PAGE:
‘Dark Waters’ review: gripping legal thriller doubles as a cautionary tale against capitalism

Mark Ruffalo's latest drama isn't just a 'Spotlight'-style cash-in

It would be easy to assume that Todd Haynes’ latest film, Dark Waters, is exactly what its trailers would suggest: a familiar hero-lawyer flick in the mould of 2015 crime drama Spotlight – in which star Mark Ruffalo tackles a grotesque cover-up by the Catholic Church. But, despite certain similarities, Dark Waters defies categorisation through the sheer quality of its craft.

Adapted from a New York Times article published in 2016, the story follows corporate lawyer Robert Bilott’s long-fought environmental case against another American institution – the DuPont chemical conglomerate. DuPont were found to be illegally dumping chemicals in West Virginia, contaminating the water supply, leading to cancer cases in the local community and widespread deaths of cattle.

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Haynes once again partners with cinematographer Edward Lachman, who leaves behind the lush domestic interiors and warm autumn hues of Far From Heaven and the sensual intimacy of Carol, for a much colder, foreboding style. The visuals here oscillate between corporate offices and poisoned environments. In Lachman’s handling of light you can feel the weight of Bilott’s investigation; the colour palette dominated by deep, dark hues and overcast horizons, as well as a strangely haunting shot of chain restaurant Benihana. There are some odd choices too, including a ‘cow’s eye view’ from a bovine driven mad by poisoned water, but for the most part, Lachman gets it right.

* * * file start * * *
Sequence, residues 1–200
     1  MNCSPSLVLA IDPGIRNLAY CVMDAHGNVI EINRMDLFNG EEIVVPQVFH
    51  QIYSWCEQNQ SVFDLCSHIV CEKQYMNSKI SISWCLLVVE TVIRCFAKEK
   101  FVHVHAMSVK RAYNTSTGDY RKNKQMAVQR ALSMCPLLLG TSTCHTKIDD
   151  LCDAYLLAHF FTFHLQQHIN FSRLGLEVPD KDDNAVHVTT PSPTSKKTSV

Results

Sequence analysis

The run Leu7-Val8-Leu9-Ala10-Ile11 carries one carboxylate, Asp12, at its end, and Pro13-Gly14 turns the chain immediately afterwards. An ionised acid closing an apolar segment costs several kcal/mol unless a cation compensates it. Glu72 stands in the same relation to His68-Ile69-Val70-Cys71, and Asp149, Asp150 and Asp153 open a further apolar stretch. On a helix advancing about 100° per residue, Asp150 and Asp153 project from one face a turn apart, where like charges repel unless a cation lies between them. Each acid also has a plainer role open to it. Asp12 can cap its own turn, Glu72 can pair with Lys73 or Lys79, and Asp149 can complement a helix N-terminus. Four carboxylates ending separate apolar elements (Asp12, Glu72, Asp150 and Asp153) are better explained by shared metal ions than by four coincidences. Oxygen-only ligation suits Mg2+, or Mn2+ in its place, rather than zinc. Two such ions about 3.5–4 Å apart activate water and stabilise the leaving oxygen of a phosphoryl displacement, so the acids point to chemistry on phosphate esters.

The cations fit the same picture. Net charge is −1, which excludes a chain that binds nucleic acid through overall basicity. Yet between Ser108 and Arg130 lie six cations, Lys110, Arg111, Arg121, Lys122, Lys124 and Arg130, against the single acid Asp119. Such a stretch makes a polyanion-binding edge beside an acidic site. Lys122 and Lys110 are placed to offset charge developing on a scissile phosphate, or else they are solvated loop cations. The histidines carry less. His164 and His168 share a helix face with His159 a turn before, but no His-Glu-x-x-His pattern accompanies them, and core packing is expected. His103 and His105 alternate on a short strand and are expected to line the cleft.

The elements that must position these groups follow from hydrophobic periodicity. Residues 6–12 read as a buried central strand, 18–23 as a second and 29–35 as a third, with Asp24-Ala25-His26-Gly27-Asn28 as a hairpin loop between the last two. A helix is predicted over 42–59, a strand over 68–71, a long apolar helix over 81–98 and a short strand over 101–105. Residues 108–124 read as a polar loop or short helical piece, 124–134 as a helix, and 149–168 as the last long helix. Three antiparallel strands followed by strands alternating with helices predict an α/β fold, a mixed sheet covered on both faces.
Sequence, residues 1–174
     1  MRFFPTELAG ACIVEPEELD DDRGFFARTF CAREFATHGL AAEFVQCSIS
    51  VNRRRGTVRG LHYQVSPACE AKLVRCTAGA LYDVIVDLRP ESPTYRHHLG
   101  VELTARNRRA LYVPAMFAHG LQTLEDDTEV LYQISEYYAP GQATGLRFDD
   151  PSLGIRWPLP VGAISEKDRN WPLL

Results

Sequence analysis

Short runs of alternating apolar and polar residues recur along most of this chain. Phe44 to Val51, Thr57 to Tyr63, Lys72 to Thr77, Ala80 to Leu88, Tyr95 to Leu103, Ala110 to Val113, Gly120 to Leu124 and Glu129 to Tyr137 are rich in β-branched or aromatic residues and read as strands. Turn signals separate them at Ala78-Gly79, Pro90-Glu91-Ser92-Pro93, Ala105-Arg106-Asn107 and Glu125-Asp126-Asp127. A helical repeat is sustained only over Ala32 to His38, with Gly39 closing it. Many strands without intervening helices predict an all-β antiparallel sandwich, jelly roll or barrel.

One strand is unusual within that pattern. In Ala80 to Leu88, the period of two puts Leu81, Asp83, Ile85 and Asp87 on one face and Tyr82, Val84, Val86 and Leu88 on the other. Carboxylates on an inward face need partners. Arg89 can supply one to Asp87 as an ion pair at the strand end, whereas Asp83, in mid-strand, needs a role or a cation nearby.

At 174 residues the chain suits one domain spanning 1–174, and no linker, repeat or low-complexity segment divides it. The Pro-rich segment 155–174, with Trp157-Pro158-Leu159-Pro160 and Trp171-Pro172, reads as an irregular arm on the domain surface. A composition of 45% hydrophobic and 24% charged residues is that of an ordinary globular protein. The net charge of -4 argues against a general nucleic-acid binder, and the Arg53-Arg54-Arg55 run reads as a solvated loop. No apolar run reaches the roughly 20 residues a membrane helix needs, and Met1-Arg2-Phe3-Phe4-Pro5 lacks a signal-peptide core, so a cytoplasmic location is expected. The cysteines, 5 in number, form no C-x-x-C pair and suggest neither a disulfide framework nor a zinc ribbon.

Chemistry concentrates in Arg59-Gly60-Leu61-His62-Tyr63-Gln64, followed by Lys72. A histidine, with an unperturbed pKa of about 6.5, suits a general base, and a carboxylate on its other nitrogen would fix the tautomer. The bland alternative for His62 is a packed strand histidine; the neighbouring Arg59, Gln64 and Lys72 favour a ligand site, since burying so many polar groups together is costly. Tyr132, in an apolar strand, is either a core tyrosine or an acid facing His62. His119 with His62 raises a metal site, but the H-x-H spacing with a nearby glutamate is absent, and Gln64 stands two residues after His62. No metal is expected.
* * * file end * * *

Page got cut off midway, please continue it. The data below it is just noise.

Cast-wise, there are some stellar efforts on display – particularly Ruffalo as the exhausted Bilott, his shoulders heavy with responsibility. This is a methodical procedural unfolding across decades, where years seem to vanish in the blink of an eye – and this passage of time is felt almost entirely through Ruffalo’s steadily increasing weariness. Elsewhere, Bill Camp’s righteous fury as Wilbur Tennant, a farmer who brings the evidence of DuPont’s wrongdoing to Billott’s attention, is worthy of a mention.

Screenwriters Mario Correa and Matthew Michael Carnahan are perfectly measured in their approach, depicting the fatigue that comes with fighting such a large and powerful company for so long, rather than explaining that point in one neat, exposition-heavy monologue.

A tale of the horrors caused by capitalism and how it empowers people into other avenues of corruption, at one point the film works in visual details alluding to the state of Virginia’s racist past. As with many films of this nature (including last year’s The Report), it’s focused on accountability and how the government is ultimately constructed to protect those who necessitate the most scrutiny.

Details

  • Director: Todd Haynes
  • Starring: Anne Hathaway, Bill Camp, Mare Winningham
  • Release date: February 28
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